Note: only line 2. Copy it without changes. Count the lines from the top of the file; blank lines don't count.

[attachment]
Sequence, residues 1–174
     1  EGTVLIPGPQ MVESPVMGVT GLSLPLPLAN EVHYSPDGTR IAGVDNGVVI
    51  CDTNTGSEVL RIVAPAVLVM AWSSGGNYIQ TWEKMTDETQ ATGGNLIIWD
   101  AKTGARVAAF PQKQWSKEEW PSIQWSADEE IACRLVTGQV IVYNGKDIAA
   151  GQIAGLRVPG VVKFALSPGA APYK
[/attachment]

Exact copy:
     1  EGTVLIPGPQ MVESPVMGVT GLSLPLPLAN EVHYSPDGTR IAGVDNGVVI